This is an open letter to Steve Butts (IGN), Stephen Totilo (Kotaku), Justin Calvert (Gamespot), Chris Grant (Polygon), Dale North (Destructoid), Ludwig Kietzmann (Joystiq), and all other Editors-in-Chief of gaming websites:
We have a problem and you can do something about it.
Our medium and the culture surrounding it is still in its adolescence and we’ve been experiencing a lot of growing pains lately. Those of us in the games community who are a part of marginalized groups have been going through hell lately. You can help us. You can do more than just express sympathy.
“The arc of the moral universe is long, but it bends toward justice.” You have a chance, right now, to shorten that arc. You are in positions of power and privilege. You have the luxury of being able to effect change at a level that we can only dream about.
When we tell the social history of our medium a few decades from now, we will either remember this as the decade when community leaders decided to transform gaming culture OR we’ll remember this as the decade when you remained complacent, reluctantly dragging your feet into a new era while allowing the most vulnerable members of the community to shoulder the responsibility for change.
This is not an overdramatization. We are in a pivotal moment and you have a choice. The purpose of this letter is to ask you to choose differently. You can do more than what you’re already doing. This is less a condemnation of your current practices than it is a call to action.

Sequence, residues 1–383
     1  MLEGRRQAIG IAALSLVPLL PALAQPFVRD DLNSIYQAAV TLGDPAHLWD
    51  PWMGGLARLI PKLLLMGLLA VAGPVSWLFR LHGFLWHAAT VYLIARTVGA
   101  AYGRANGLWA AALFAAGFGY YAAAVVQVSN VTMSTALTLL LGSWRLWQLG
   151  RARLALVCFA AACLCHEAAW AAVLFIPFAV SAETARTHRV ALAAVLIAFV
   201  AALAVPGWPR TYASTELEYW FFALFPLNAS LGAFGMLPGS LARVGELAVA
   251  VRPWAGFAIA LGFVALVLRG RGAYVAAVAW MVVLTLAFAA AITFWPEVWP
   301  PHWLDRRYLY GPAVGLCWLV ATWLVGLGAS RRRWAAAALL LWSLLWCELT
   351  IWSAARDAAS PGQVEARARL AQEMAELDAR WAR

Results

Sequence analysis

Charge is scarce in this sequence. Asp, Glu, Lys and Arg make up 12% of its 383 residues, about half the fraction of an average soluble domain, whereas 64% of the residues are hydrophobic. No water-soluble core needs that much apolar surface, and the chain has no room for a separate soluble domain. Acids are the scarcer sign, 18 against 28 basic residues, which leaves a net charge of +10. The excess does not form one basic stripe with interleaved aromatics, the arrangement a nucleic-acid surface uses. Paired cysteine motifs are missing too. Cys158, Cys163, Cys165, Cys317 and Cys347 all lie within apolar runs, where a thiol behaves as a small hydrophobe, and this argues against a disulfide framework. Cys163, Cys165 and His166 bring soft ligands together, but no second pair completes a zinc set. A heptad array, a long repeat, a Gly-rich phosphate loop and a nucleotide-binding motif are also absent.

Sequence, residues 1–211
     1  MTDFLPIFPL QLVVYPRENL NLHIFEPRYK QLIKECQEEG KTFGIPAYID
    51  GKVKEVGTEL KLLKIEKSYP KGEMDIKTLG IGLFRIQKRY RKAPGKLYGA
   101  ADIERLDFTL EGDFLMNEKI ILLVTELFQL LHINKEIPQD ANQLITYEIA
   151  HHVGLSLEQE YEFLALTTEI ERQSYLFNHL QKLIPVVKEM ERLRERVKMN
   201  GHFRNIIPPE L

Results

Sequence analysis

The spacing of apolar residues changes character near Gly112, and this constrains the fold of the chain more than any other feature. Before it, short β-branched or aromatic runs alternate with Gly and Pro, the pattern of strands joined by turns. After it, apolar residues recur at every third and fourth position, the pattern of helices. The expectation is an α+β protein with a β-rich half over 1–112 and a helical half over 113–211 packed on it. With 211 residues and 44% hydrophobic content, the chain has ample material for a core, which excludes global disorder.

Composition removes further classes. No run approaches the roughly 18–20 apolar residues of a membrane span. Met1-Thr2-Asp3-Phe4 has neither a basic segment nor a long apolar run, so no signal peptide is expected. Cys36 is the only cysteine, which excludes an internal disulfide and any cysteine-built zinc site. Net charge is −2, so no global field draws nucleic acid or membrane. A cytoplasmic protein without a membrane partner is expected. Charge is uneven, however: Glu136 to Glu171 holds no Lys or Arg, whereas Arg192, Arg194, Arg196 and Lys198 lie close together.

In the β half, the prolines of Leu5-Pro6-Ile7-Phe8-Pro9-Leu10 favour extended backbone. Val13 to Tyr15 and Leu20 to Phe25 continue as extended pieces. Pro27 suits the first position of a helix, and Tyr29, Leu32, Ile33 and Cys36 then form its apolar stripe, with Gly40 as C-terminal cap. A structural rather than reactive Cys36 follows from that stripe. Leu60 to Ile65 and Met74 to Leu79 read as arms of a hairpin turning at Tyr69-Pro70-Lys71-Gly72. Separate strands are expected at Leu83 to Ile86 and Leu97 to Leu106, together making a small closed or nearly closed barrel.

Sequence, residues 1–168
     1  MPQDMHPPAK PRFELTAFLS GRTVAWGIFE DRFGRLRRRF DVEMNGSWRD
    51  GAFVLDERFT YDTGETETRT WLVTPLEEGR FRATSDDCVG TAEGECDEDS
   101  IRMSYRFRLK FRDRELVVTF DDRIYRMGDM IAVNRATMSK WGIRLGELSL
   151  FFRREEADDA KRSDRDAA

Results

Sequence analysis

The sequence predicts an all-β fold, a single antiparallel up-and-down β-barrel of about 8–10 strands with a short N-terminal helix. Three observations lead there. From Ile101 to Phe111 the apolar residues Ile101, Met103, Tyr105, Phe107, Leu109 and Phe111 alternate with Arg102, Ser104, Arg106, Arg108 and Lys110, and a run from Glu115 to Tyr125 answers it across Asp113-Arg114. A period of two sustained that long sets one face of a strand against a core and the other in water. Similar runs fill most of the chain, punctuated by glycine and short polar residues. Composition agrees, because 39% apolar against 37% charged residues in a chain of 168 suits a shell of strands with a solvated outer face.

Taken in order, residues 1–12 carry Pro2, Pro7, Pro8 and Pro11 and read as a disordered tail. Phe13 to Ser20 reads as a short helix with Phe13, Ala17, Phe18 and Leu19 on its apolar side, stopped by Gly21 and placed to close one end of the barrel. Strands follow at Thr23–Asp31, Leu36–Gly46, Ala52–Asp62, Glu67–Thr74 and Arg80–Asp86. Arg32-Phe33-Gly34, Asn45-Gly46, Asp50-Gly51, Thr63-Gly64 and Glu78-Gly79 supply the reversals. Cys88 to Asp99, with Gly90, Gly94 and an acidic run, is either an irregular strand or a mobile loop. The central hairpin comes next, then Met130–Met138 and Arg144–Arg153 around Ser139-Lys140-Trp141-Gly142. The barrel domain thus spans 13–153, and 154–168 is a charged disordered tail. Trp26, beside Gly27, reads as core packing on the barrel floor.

You can no longer treat sexism, racism, classism, ableism, homophobia and transphobia as niche issues. These forms of marginalization have real effects on real people and, as you know all too well from your vantage point, they are painfully exaggerated in gaming spaces. They are problems that permeate every aspect of videogames from their production, to their player base, to the websites that write about them.
The fact that these are all systemic problems in the so-called “real world” is not a valid excuse for condoning bad behavior online.
Just because the whole house is on fire doesn’t mean we shouldn’t try to salvage our room.
You know that these are major problems and, what’s more, we know that you know they are. We know you’re just as ashamed of our culture as we are.